Tequin Patient Develops Severe Diabetes, Sues Bristol-Meyers Squibb

A Missouri man who took the antibiotic <"http://www.yourlawyer.com/topics/overview/tequin">Tequin is suing Bristol-Meyers Squibb and Schering Corporation for blood sugar problems he developed while taking the drug. Patrick Bills alleges that he developed both hyperglycemia and new onset diabetes while taking Tequin for a skin infection.

Tequin, a once-popular antibiotic, was introduced by Bristol Myers Squibb in 1999 to treat bacterial infections like pneumonia, bronchitis, urinary tract infections and sinusitis. By 2001, 3.3 million prescriptions were being written every year in the US for Tequin. It was that same year that researchers began noticing that Tequin could play havoc with blood sugar levels. Between April 2002 and March 2004, researchers at St. Michaels Hospital in Toronto followed 1.4 million patients aged 66 years and older. The researches found that 788 of those patients had to be treated for dangerously low or high blood sugar within 30 days of Tequin therapy. The research found that there was a four times greater risk of life-threatening blood sugar problems among patients treated with Tequin. When the Canadian study was published in the New England Journal of Medicine in 2006, it found that previously-healthy Tequin users had a 17-percent higher chance of developing serious diabetes.

According to a press release issued by his attorneys, Bills began taking Tequin in 2005 for a skin infection. Shortly after, he began experiencing symptoms like extreme thirst, frequent urination and vision changes. In January 2006, Bills was diagnosed with sever hyperglycemia and diabetes. The lawsuit contends that Bills’ illnesses are a direct result of his treatment with Tequin. The suit claims that before taking the antibiotic, Bills had been healthy, and had not experienced any symptoms related to blood sugar problems.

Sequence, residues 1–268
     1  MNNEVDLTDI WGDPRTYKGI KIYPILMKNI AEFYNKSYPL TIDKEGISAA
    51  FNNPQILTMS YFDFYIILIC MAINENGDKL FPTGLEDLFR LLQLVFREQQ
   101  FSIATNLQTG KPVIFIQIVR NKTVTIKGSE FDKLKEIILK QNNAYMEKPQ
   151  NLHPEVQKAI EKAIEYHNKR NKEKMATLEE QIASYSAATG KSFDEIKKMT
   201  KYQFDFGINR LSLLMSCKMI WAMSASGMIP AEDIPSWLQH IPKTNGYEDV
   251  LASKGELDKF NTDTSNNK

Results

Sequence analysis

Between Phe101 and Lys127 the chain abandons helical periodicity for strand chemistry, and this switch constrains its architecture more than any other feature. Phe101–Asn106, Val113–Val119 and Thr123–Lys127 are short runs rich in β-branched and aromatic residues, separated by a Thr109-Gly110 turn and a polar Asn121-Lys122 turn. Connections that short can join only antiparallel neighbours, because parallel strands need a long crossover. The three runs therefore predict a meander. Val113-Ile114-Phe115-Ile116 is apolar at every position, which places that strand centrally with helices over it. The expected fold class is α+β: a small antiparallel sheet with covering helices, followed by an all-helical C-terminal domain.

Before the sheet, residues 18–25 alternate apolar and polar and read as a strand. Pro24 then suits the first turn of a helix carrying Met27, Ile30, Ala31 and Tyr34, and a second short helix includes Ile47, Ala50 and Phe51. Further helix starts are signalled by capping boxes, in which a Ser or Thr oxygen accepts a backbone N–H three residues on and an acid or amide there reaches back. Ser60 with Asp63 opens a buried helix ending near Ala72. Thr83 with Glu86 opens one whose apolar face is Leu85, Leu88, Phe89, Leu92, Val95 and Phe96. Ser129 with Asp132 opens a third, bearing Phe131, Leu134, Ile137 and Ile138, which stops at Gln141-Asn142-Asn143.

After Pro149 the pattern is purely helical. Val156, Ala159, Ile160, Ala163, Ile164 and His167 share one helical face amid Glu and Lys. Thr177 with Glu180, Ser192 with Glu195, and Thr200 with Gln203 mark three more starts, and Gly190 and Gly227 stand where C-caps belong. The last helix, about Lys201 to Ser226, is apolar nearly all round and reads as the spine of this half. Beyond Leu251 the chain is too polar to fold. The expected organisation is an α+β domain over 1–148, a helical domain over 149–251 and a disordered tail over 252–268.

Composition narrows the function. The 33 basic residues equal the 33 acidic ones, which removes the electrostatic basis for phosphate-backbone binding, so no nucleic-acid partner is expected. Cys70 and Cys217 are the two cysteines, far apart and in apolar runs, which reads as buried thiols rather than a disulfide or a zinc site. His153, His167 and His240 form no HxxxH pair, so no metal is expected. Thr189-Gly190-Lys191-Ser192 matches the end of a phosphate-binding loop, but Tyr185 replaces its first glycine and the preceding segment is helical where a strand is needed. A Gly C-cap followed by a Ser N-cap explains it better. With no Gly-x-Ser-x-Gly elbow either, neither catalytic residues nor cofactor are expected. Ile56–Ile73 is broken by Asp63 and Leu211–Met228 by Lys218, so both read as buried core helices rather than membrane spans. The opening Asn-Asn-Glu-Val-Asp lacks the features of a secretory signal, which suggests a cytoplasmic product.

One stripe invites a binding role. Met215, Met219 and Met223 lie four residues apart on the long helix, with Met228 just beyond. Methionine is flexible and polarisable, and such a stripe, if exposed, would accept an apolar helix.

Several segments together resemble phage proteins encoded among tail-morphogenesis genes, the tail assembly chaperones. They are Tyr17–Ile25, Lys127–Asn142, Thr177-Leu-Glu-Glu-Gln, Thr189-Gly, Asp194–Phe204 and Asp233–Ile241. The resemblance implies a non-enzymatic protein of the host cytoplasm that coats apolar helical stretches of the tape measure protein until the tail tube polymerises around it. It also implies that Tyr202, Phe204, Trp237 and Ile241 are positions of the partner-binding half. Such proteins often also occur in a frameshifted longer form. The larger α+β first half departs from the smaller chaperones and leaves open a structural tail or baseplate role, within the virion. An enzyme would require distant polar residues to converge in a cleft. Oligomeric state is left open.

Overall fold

The lawsuit alleges that Bristol-Meyers Squibb ignored mounting evidence of blood sugar problems related to Tequin. It wasn’t until February 2006 that, under pressure from the Food and Drug Administration, the company added a warning label that Tequin should not be taken by diabetics. But the company did not address potential problems for non-diabetics. In May 2006, Bristol-Meyers Squibb announced to its shareholders that it was taking Tequin off the market. Bills’ lawsuit charges that this move was made with little public fanfare, and that Tequin that had already been shipped was allowed to remain on pharmacy shelves. The complaint also alleges that physicians were not given adequate warning by the company and continued to write prescriptions for Tequin.

The lawsuit lists nine different counts against the pharmaceutical company and is seeking both compensatory and punitive damages for Bills.

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